The process is as follows:
– A message enters the queue
– The function is triggered to start
– If the function fails, the message stays in the queue and function repeats itself to try to perform a correct action
– When the completes successful, the messages is cleared from the queue
– If the function fails five time, the message is places in a separate queue called the poison queue

So basically, it’s like this:

Queue Storage bindings in Azure PowerShell Function Apps

Multiple instances

The Azure Queue is able to handle more messages at once. It will get the messages in batches and start working on them. The advantage of this is that you can run multiple jobs at once, saving time in the long run.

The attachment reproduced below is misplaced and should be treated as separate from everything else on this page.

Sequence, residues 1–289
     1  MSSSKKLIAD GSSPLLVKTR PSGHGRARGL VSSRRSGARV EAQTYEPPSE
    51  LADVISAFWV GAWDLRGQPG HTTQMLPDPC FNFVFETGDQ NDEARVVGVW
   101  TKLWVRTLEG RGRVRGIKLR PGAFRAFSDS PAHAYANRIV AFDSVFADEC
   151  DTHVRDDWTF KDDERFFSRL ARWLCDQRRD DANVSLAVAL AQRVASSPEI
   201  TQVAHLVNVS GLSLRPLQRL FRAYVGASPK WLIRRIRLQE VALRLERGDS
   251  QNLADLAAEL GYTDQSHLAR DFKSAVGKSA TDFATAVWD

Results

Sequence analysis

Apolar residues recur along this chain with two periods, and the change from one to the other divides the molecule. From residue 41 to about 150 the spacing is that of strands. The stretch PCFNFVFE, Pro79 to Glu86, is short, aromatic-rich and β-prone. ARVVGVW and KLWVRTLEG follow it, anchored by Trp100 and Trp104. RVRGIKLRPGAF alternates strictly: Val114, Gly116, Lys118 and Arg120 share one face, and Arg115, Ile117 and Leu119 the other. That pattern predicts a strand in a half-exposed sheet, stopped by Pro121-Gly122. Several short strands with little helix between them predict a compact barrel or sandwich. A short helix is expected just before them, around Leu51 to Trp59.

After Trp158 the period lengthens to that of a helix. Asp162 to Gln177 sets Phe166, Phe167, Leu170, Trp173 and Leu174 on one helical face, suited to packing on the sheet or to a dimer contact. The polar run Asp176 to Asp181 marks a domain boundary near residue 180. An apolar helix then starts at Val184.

The down side is that you can’t prioritize in one queue. If you want to prioritize, you would need to run multiple functions that respond to multiple queues.

The use case

I have had a scheduled function app running that deletes resources with a certain tag, so I could automatically delete my testresources at the end of the day. I had this in a single function for quite some time, but one of the issues I faced was time. A function app has a time out of 5 minutes by default and 10 minutes maximum for the consumption plan. I have used an App Service Plan for some time, which worked. But it felt a bit like a workaround. Something else that bugged me is that I was deleting multiple resources and a bunch of resource groups in one Function, where the best practices for Function apps call for one action per function. So I went looking for the options available.